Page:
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Kosovo: Marking Ten Years Of Worldwide Wars

By       Message Rick Rozoff     Permalink
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View Ratings | Rate It Headlined to H3 11/6/09

It has been said that proverbs are the wisdom of nations and one of the most common is that a criminal always returns to the scene of the crime.

Former U.S. President William Jefferson Clinton is to arrive in Pristina, the capital of Kosovo, on Sunday, November 1 according to the erstwhile head of the so-called Kosovo Liberation Army (KLA) and self-styled prime minister of Kosovo Hashim Thaci.

The occasion of Clinton's visit, his first since Kosovo's unilateral declaration of independence in February of 2008 - a violation of international law and United Nations Resolution 1244 directly resulting from Clinton's acts of a decade ago - is to attend the official unveiling of a statue dedicated to himself.

"The almost ten feet statue of the former U.S. President Bill Clinton has been erected in the same square that bears his name in Pristina. [The unveiling] of the statue was delayed due to the busy agenda of the former American President. The statue erected to President Clinton is being sponsored by and [is] under the auspices of Prime Minister Thaci." [1]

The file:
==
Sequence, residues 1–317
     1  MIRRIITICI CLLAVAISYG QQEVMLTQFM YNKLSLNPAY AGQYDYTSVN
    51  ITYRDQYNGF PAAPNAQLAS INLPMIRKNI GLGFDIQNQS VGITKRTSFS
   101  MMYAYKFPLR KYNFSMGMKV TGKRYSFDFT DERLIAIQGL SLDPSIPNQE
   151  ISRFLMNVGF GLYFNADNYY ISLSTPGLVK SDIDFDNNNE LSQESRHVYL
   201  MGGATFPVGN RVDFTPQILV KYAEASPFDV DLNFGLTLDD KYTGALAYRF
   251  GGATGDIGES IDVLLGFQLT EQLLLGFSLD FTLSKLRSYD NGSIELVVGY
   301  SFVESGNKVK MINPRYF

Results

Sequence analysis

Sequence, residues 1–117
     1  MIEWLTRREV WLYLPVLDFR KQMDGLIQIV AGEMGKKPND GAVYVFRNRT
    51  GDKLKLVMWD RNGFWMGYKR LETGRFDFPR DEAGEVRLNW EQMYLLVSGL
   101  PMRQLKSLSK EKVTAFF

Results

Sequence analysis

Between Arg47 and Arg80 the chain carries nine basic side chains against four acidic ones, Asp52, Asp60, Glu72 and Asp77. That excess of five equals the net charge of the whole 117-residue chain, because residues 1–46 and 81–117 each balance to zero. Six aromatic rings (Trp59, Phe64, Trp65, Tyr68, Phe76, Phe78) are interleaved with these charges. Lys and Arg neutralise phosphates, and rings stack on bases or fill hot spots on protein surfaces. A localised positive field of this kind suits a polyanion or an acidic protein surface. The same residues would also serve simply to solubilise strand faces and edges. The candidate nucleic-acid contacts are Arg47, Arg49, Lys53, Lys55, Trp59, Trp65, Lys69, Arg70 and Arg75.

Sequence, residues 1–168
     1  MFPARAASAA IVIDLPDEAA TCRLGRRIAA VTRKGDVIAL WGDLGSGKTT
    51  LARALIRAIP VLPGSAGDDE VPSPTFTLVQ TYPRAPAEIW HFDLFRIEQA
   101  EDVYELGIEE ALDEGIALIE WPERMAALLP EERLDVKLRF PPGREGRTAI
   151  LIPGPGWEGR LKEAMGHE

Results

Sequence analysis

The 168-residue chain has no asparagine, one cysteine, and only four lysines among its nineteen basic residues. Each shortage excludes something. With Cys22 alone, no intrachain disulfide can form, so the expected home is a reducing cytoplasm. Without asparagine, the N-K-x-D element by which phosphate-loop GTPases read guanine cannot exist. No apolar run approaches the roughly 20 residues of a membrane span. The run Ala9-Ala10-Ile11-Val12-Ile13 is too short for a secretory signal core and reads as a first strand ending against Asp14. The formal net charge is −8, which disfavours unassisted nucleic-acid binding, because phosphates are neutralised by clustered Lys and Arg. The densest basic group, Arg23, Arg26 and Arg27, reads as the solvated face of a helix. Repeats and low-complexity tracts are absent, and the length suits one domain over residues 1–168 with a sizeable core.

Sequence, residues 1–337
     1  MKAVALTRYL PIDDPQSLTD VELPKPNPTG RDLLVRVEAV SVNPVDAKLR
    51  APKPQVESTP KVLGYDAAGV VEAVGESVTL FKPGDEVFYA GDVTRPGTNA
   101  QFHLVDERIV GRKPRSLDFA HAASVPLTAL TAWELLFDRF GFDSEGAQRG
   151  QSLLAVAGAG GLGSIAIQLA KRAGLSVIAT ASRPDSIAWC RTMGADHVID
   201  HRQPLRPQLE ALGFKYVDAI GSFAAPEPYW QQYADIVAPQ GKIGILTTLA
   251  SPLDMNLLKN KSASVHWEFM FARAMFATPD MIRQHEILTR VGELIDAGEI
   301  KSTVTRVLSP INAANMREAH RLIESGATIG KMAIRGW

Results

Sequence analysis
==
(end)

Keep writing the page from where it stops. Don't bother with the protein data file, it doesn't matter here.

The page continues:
Another adage, this time a peculiarly American one, is that partisan politics end at the water's edge. Not that it matters to anyone in the world except for U.S. voters every four years, but differences between the nation's two ruling parties, such as they are, rarely manifest themselves beyond the nation's Atlantic and Pacific coasts. The main street in Pristina is named after George W. Bush, who presided over and in fact engineered Kosovo's formal secession from Serbia.

There are also major streets named after Tony Blair, Madeleine Albright and William Walker, the last the Deputy Chief of Mission in Honduras and Deputy Assistant Secretary of State for Central America in the 1980s during the Reagan administration's Contra war against Nicaragua and death squad terror in El Salvador. Walker is held in high esteem by KLA veterans like Hashim Thaci for his role in blaming the government of Yugoslavia for what he represented as a massacre in the Kosovo village of Racak in January of 1999, arguably the main incident used to justify the 78-day bombing campaign against Yugoslavia three months later.